BURNETT: And when you said -- hold on, Bill, I just want to interrupt you. When you say no one pushed the button, you're meaning no one pushed the button to abort this? This wasn't --

NYE: It doesn't look like. But of course, you know, I may be wrong, especially on a classified mission. There could be something we don't know about. But it looks to me -- investigation will figure this out, but it looks to me like there was a leak and the amount of fuel that is pushed through this plumbing in a very short amount of time makes a leak a catastrophic problem. And it's not like a fuel leak in your car and you think you smell gas and you go to the gas station.

The pressures are so high, the fire starts really fast. It's just -- it's just heart-breaking, guys. It's so much investment, so much time, effort and energy, and then things go wrong. But it does show you that the industry is in a sense mature that nobody got hurt. This catastrophic thing and really nobody got injured. But we spent a lot of money in a few moments.

BURNETT: Miles, we talked about the contract here was $2 billion. Obviously -- and I want to talk -- we're going to talk much more about this. There was a significant -- I'm looking here at the payload. A classified crypto technology on here. We don't exactly know what this was, we don't know whether there was any relationship between this and what just happened. But there was significant classified U.S. investigations materials. That's how it's classified here.

Miles, I remember where I was when the Challenger exploded. It is -- it is a very rare and horrible thing when these things happen. Obviously, the miracle is here that there were not -- not anyone actually on board. It was an unnamed -- an unmanned expedition.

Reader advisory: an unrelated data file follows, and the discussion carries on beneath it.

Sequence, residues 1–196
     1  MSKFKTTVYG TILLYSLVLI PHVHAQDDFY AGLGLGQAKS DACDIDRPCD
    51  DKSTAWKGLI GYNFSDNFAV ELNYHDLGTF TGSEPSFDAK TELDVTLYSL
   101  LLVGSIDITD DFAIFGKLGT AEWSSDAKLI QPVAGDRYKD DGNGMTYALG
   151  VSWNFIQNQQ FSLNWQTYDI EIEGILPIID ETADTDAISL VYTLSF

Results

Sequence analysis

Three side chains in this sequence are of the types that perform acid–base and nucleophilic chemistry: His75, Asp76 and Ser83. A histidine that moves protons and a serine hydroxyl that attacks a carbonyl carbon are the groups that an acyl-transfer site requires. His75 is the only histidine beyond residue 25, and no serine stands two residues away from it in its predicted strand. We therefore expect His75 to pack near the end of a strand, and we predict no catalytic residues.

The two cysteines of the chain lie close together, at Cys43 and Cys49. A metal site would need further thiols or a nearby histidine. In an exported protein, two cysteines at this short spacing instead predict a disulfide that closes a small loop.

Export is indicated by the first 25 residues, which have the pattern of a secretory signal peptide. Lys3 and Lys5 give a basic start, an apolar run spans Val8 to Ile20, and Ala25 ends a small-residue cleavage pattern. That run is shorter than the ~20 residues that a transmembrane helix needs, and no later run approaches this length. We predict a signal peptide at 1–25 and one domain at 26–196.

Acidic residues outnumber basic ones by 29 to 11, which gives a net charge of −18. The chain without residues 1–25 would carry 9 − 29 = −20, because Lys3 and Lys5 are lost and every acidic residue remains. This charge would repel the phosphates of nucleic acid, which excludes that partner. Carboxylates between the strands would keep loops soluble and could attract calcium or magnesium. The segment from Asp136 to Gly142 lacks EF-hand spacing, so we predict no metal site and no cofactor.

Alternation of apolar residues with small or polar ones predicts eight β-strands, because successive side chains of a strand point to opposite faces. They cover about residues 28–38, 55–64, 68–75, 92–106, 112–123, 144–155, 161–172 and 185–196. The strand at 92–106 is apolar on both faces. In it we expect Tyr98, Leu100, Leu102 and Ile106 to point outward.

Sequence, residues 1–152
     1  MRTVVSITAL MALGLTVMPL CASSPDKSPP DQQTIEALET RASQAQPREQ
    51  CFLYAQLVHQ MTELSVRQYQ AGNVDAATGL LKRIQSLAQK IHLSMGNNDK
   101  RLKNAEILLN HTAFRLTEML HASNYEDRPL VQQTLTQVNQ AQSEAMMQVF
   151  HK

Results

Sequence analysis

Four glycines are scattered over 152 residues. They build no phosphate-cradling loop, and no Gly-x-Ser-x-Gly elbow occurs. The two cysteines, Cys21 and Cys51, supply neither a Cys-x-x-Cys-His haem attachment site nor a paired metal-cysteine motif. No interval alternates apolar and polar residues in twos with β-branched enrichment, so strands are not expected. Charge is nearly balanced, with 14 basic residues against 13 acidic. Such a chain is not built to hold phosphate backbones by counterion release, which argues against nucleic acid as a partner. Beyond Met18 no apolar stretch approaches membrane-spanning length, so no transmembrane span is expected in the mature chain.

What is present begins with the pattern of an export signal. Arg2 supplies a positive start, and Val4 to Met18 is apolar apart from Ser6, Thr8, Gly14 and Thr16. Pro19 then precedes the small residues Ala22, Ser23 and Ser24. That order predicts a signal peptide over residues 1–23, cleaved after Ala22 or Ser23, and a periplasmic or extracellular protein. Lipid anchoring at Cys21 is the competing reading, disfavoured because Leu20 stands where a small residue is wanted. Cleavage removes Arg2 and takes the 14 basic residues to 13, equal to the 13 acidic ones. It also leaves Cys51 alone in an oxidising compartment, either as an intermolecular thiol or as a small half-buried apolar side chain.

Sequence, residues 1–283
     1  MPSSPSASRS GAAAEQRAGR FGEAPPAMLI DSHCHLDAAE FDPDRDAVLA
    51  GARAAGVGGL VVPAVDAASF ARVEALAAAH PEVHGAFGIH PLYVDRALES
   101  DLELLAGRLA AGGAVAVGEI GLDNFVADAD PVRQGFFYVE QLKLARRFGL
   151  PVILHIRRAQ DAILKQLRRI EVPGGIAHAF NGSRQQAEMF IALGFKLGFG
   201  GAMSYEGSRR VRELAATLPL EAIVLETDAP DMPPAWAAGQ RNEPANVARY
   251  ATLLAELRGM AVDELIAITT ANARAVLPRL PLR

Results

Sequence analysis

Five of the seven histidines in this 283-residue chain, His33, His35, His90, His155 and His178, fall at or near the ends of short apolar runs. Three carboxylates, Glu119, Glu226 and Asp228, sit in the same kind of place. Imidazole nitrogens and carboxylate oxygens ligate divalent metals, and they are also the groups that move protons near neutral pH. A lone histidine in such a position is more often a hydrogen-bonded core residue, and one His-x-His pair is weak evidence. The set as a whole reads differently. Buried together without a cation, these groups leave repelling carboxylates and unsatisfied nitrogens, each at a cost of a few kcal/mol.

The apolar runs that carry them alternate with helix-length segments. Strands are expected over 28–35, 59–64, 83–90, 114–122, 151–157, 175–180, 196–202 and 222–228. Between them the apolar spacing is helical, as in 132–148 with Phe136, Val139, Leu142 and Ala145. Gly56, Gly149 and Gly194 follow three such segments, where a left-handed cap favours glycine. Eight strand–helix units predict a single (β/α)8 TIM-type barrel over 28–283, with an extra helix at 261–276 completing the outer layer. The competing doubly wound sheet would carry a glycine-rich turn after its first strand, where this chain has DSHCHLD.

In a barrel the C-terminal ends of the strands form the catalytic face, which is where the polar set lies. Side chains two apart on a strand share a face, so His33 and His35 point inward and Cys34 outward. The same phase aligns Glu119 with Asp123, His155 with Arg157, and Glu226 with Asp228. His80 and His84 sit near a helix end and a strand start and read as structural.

But how surprised are you that something like this could happen, given from what we at least understand that they expected this to be a very routine process?

O'BRIEN: There is nothing routine about going to space, period. And I -- you know, I covered probably close to 50 shuttle missions in my career, Erin, and I was always frankly surprised when they got to orbit safely because they had a million moving parts in there, frankly, all from the lowest bit. It was a very -- it's a very difficult thing to get to space and I never forgot that. And none of the astronauts every fly -- flew on a shuttle or any rocket would ever forget that or tell you that it's routine.

It's not routine. The engineers, the astronauts, they make it sound and look routine but it is not. And these sorts of accidents are just -- you know, it's a big challenge. And the laws of physics are way against us to get to space and these things will happen on occasion.

I do want to clear something up, though. There is nothing on the space station that is involved in spying or crypto graphic activity. So I want people to be very clear on that. But the International Space Station is -- it's 16 nations, NASA and the Russians taking the lead and there is no spying on anybody.

I don't know where this little piece of information comes from and what particular piece of equipment they are concerned about on the rocket itself, but let's not get the impression here that this was a spy mission. This is a resupply mission to the International Space Station.